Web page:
This is about as uncomfortable as I looked the first few days at University…
September, to me, always feels like a month of fresh starts. January is too mainstream, you know?
No, I’m just kidding- it’s probably because I’m still at an age where my year is organised by term time v. holiday time, the most notable of the latter being the massive expanse of summer. Four whole months, now that I’m at university. I enjoy my time away from studying, but I also thoroughly look forward to heading back to university this month to move into a home with my friends and getting back into immersing myself in the academic/ website balance that I’m used to. It probably sounds a bit weird, but I’m a nerd and I miss my Philosophy classes.
It’s a new start, sure, but not as big as the one I went through last year; the one a lot of people will be going through this year. Freshers week. Oh, freshers week. I’ve devoted a lot of space on the site over the coming months to the huge emotional, social and mental adjustment that is beginning at university. It’s the ultimate fresh start isn’t it? We go in with the intention of reinventing ourselves, finally becoming the cool human we always knew was inside us, but were too afraid to whip out in front of people who knew us back when we had braces for fear of being called a fake. The Nike’s, mesh and vintage comes out in abundance for a few weeks until we realise that actually our Zara jumpers are so much more…us. For me, university became about being more comfortable in myself, shedding the things that I’d carried with me throughout a narrow-minded school experience and accepting the bits about myself that I’d grown up thinking were out of place in the world I lived in.
Cliche or not, the last year has been one of the best of my life. But it didn’t strictly start out that way; to be as blunt as I can, Fresher’s week is an absolute clusterfuck. You arrive trying to hide all the emotions, and balance them with excitement without people being able to visibly see how close to crying you are because it’s incredibly daunting once your parents drive off. You learn approximately 5000 names in the first three days, end up with contacts in your phone that are more adjective than noun e.g. ‘the football lad from next door’ and ‘the tall medic’ which either get deleted a month or so later, or turn into a joke as you actually befriend these people. For the entire first year, one of my close friends had me in her phone as ‘Camilla Unit 1’. I still don’t think I have been gifted a second name to this day.
I remember showing up with the mantra ‘this is going to be the best week of your life’ engrained in my mind by god knows what misleading T.V. show, terrified that in the first day I didn’t feel like I’d met my BFF gang and future husband (you laugh, but my parents met the first night of freshers week…the eighties was a simpler time). In retrospect, I did meet about 80% of my closest friends in that week. Some friendships didn’t seem promising at the time, some started with one of us literally saying to the other ‘we’re going to be friends, okay?’ Others blossomed shortly after I called my mother and said ‘I want this person to be my friend’. In my first week I spilled eight drinks (four on actual people), knocked someone’s hamburger out of their hands after a night out (blasphemy) and full on face-palmed the sidewalk after tripping over a bin in front of my entire building on our first bar-crawl. None of that is an exaggeration, and most of those people are the same people I call my closest friends now. It is a week that will probably surprise, scare and intoxicate you (literally) and it probably won’t be the best week of your life.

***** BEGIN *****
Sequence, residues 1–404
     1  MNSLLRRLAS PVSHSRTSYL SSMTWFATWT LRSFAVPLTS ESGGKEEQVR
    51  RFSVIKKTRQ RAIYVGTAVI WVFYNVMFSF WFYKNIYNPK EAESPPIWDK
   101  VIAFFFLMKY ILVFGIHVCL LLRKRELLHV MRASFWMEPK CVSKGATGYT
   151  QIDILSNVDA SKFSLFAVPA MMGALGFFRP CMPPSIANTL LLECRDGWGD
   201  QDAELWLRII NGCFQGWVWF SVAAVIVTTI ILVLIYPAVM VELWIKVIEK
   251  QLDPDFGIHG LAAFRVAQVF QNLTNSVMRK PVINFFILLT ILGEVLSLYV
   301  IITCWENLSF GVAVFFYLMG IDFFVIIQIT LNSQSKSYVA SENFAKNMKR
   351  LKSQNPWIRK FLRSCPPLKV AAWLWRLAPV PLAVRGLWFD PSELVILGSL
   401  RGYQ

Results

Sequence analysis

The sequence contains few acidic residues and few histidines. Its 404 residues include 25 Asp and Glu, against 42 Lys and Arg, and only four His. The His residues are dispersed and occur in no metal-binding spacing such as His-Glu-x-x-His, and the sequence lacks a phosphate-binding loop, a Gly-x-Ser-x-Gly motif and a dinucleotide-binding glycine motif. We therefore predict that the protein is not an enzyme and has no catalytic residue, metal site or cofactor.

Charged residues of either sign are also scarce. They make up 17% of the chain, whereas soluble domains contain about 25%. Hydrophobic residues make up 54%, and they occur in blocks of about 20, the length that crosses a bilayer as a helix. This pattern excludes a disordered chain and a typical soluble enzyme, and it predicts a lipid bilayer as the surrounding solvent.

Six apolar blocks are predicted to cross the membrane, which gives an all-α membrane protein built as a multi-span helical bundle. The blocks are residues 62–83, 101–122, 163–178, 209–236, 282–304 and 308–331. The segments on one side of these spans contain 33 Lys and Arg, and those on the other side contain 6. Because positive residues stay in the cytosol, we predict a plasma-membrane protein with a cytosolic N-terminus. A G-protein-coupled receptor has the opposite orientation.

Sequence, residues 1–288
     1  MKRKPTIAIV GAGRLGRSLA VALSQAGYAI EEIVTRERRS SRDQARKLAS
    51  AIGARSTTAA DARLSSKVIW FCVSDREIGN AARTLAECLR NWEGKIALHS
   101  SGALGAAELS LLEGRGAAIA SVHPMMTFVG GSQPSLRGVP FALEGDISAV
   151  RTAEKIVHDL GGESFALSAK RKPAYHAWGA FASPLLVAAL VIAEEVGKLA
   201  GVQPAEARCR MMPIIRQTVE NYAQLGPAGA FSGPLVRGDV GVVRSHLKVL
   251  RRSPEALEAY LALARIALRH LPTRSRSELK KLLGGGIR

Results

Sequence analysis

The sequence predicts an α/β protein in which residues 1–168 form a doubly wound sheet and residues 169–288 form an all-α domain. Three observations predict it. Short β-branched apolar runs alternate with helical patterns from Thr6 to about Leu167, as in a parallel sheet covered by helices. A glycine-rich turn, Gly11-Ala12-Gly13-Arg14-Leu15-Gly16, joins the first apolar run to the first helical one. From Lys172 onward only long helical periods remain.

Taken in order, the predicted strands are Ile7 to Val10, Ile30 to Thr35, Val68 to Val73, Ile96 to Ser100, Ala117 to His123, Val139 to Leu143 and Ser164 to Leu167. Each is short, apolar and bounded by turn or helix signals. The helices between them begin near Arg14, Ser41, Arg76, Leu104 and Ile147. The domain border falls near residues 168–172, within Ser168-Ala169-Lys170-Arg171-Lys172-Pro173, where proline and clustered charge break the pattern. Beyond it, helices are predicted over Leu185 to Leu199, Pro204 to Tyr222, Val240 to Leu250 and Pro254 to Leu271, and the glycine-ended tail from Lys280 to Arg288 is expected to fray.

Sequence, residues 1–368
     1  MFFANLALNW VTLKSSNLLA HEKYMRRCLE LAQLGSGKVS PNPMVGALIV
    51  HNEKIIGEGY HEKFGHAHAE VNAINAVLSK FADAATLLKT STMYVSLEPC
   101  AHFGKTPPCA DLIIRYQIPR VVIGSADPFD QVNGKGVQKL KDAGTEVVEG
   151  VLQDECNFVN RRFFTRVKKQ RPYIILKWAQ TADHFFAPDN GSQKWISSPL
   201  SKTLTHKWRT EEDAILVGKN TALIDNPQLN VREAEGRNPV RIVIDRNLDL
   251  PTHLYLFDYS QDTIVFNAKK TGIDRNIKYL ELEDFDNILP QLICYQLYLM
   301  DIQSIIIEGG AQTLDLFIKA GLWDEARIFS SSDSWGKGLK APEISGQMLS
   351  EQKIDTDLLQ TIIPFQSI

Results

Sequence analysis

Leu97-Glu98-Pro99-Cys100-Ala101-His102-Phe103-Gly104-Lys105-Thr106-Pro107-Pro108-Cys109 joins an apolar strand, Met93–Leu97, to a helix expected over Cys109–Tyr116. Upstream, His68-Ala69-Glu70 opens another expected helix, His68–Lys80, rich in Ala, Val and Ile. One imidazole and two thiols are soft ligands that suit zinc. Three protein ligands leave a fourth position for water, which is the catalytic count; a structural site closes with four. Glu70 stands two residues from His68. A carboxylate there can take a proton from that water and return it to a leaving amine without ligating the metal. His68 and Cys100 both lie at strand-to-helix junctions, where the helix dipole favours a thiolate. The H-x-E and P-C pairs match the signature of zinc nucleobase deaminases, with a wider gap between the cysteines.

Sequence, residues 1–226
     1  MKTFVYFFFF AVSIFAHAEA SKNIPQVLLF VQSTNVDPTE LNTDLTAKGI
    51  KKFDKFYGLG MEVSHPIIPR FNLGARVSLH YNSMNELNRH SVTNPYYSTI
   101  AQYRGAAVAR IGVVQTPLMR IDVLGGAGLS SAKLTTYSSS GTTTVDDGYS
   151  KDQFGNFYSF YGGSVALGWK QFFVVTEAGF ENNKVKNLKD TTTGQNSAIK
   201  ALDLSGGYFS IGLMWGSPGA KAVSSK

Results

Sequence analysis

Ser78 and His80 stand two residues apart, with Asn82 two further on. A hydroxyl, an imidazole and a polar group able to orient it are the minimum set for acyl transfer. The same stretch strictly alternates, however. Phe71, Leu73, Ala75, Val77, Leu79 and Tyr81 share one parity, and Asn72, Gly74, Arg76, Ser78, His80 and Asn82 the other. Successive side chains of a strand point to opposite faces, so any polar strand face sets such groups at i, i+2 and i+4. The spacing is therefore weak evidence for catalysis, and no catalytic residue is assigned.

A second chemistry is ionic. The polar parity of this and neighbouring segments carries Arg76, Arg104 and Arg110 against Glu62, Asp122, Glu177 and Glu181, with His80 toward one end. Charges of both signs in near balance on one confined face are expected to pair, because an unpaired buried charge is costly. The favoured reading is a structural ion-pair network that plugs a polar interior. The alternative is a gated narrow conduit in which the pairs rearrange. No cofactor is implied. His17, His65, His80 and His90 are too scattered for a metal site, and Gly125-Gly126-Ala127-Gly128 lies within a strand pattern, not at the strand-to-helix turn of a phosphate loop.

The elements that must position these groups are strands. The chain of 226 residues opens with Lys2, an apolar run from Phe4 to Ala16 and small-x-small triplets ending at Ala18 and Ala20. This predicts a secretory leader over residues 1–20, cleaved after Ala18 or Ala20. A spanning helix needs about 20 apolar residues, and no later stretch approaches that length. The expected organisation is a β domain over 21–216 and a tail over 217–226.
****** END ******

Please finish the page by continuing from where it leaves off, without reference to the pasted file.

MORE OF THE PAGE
So, from someone who went through it not too long ago, here is my advice; enjoy it. You’ll be making pointless trips to Primark to buy shit you don’t need for the sake of attempting to bond with people, you’ll probably embarrass yourself once or twice and the real friendships are usually formed when you least expect them. Go forth and make memories, intentional or not, that you can share with those same future buddies and write about in nostalgic Editor’s Letters.
It might take a few weeks to feel settled, it might take a few months; you’ll find your people, and if you don’t, don’t be afraid to go and find them. Join clubs, arrange study groups in your course, speak to as many people as you can. Create a support net of people who make you feel comfortable, because for the first time in your life, you have thousands of people to choose from.
As for finding your future husband, dear lord, don’t even think about that yet.
Anyway, I hope you’re enjoying this month’s content so far; we have so much more goodness to bring, and as always, we love receiving your contributions and ideas.
Follow Camilla on Twitter: @camillaackley